HomeNewsGeorgia Senate committee eases time limit on nuisance suits against farms

Georgia Senate committee eases time limit on nuisance suits against farms

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by Dave Williams | Mar 28, 2022 | Capitol Beat News Service

ATLANTA – A state Senate committee voted Monday to double the length of time Georgia property owners would have to file nuisance lawsuits against neighboring farms.

Under the Right to Farm Act the Georgia House of Representatives passed early this month, property owners bothered by dust, noise or offensive odors emanating from a nearby farm would have one year to file a nuisance suit. A substitute bill the Senate Agriculture and Consumer Affairs Committee approved Monday would double that statute of limitations to two years.

“Two years is a fair balance to protect the private property rights of both existing landowners and a new [farm] coming in,” committee Chairman Larry Walker III, R-Perry, said before the vote.

Walker’s counterpart, House Agriculture Committee Chairman Robert Dickey, the bill’s chief sponsor, supported the change.

“I think [two years] is the right number,” said Dickey, R-Musella. “Any kind of work on a farm that could possibly be considered a nuisance, by two years, that work would be apparent.”

The bill’s supporters have been pushing off and on for several years for legislation making it harder for neighbors to file nuisance lawsuits against neighboring farms. They argued the bill is needed because of increasing encroachment by residential subdivisions on agricultural areas around the state.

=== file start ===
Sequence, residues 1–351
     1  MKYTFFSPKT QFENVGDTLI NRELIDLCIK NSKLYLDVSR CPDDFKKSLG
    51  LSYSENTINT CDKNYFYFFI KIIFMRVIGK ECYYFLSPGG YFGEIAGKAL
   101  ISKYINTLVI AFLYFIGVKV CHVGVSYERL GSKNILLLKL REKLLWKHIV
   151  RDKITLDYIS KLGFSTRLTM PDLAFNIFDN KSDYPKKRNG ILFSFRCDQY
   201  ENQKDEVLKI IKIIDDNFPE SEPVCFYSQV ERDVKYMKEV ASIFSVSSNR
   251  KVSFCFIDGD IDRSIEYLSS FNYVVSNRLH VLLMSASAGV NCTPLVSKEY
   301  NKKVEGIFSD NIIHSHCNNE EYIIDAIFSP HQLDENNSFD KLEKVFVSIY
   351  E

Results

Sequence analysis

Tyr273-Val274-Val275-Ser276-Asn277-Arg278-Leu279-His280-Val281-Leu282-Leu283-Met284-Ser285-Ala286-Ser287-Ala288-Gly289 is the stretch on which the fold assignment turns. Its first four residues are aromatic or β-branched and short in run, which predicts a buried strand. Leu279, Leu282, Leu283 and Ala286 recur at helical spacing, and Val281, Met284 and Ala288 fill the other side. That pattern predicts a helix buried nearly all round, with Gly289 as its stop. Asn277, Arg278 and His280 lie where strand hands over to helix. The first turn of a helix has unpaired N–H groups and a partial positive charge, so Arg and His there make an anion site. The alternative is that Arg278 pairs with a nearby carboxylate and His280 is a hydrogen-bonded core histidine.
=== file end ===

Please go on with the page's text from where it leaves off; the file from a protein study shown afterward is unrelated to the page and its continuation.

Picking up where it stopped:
“We’ve lost a lot of agricultural land in the last 20 years to development,” said Rep. Tyler Harper, R-Ocilla. “That’s why it’s important that we continue to protect our state’s No.-1 industry.”

The bill’s opponents, including environmental advocates and legislative Democrats, have argued a one-year statute of limitations for nuisance suits is inadequate. Even with the two-year leeway for suits, they continue to maintain property owners already are well protected by the 1989 law the new bill would replace.

Harper, who is running for state commissioner of agriculture, said Monday he would prefer keeping the statute of limitations at one year.

“In all the states where this [law] was found constitutional, there was a one-year clock,” he said.

The bill likely will reach the full Senate for a vote later this week.

This story is available through a news partnership with Capitol Beat News Service, a project of the Georgia Press Educational Foundation.

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